I’ve set up a lot of SQL Server instances in my career. I’ve gone from manual only setup in SQL Server 4.2 to more automated means in the latest versions. The easiest was actually in Azure where I only need to specify a few parameters for a PoSh cmdlet. However, unattended setup is pretty easy as well for local SQL Server instances. If you’ve never done it, you’re missing out. There are plenty of other ways to do this with tools like Chef and Puppet , AMIs in AWS , and more.
Erik Darling wrote a post recently called Setting Up SQL Server: People Still Need Help . Erik’s point in the piece is not that installing SQL Server is hard, but that many people stick with the defaults once they’ve installed the instance, never changing anything. There are some basic things that you’ll want installed all the time, so having a repeatable process is important.
This week I’m wondering how you install instances in your job. If you need to add a new SQL Server for production or development, what do you do? Let us know your process and procedure.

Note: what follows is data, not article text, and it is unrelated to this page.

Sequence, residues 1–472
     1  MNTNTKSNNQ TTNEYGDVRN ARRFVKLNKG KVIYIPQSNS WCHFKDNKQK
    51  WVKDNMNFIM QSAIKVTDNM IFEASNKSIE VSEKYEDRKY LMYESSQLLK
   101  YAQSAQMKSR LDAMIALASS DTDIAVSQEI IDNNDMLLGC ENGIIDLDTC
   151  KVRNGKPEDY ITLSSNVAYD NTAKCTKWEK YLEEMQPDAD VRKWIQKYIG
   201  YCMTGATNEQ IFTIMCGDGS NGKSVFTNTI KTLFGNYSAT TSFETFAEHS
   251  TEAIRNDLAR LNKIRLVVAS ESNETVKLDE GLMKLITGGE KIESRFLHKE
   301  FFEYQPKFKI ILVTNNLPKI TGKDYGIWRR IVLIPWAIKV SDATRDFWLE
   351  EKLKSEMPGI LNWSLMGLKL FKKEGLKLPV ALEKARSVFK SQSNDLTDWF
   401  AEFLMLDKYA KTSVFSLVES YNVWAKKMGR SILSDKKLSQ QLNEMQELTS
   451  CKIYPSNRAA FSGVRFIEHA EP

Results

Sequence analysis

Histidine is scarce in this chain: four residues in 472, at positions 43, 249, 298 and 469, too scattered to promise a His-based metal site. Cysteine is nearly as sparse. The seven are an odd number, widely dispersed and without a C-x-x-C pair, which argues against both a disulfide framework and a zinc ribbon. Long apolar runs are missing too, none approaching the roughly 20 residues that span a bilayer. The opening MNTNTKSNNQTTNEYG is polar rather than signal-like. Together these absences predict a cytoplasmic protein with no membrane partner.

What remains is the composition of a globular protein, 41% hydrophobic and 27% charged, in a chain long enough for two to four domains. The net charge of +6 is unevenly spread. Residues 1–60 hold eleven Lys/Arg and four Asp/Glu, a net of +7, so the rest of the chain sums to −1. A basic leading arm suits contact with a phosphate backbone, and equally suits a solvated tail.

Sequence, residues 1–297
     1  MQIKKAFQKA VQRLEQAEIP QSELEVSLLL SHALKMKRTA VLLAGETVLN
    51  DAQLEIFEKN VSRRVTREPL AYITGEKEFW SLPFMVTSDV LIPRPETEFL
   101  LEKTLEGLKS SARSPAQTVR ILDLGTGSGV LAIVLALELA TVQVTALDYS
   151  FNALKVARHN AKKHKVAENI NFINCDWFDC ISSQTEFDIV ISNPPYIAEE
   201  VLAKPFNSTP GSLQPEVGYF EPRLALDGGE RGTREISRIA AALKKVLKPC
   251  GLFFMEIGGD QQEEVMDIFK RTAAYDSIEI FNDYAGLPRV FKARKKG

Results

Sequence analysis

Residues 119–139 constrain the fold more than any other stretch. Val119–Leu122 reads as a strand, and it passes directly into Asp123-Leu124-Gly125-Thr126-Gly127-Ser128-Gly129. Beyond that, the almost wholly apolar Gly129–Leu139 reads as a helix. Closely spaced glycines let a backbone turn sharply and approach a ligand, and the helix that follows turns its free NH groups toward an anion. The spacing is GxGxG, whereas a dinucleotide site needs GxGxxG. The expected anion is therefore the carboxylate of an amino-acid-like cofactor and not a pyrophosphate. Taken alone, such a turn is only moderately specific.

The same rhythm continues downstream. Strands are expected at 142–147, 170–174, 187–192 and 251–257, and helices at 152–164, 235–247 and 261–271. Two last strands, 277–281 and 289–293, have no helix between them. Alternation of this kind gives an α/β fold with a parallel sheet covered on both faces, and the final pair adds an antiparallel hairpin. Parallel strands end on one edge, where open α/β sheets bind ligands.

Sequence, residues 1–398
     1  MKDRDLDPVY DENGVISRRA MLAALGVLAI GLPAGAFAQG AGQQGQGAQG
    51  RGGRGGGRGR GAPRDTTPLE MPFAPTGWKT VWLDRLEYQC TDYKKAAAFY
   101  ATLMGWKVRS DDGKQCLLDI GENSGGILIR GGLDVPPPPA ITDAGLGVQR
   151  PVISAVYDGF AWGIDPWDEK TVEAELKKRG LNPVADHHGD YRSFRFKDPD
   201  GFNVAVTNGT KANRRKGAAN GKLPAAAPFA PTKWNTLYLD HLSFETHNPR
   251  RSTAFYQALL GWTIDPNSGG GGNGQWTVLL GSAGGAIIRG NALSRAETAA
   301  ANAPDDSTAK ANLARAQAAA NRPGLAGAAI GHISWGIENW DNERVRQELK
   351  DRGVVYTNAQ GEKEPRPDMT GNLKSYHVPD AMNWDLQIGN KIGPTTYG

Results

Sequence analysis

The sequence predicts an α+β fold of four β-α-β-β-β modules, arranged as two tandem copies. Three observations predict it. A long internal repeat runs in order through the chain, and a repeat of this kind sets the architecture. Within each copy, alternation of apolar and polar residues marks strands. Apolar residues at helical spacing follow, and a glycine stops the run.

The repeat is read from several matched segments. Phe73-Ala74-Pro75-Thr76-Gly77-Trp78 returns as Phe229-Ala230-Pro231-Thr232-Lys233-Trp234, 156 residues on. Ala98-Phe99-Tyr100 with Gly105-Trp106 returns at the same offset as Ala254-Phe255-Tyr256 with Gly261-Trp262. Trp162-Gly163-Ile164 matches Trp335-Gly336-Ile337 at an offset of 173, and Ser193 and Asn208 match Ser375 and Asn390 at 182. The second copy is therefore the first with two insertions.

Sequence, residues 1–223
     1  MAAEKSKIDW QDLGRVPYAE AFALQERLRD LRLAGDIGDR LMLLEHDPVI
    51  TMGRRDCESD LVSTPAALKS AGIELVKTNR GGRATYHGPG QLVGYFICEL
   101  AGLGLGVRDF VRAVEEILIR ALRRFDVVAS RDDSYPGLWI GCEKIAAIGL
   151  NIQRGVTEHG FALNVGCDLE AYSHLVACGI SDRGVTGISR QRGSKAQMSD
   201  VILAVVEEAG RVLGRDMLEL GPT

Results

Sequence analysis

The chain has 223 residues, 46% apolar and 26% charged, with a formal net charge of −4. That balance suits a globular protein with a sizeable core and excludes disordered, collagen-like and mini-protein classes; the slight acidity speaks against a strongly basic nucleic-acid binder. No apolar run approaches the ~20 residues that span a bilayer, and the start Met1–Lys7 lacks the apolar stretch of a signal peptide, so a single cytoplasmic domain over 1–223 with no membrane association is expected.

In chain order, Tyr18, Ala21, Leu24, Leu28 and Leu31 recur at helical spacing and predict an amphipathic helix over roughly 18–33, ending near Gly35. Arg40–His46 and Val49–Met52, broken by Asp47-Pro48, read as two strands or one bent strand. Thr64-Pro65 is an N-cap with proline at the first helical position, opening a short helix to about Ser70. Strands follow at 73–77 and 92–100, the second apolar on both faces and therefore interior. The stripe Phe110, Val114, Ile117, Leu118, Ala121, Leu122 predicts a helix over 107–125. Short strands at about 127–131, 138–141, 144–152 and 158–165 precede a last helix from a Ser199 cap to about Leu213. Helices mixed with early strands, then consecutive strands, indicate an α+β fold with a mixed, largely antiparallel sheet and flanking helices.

I don’t set up too many instances, and in fact, I mostly add them as a lab instance on one of my machines. For the initial install at times, I’ll just run through the manual install, but I then have a quick config script that I use to change a few items, but very few. In most cases, I don’t do much more than add a few logins, limit memory, and enable the DAC. For the cases where I want to add a few different instances for testing, say for looking at patches or using mutli-server features, I’ll use an unattended install script.
There are some amazing ways people have created for repeatable installs, such as the Finebuild project . If you’ve got a way that works for you, let us know. Just be sure that whatever repeatable process you use changes some of the defaults and ensures your SQL Server is better prepared for any workload to come.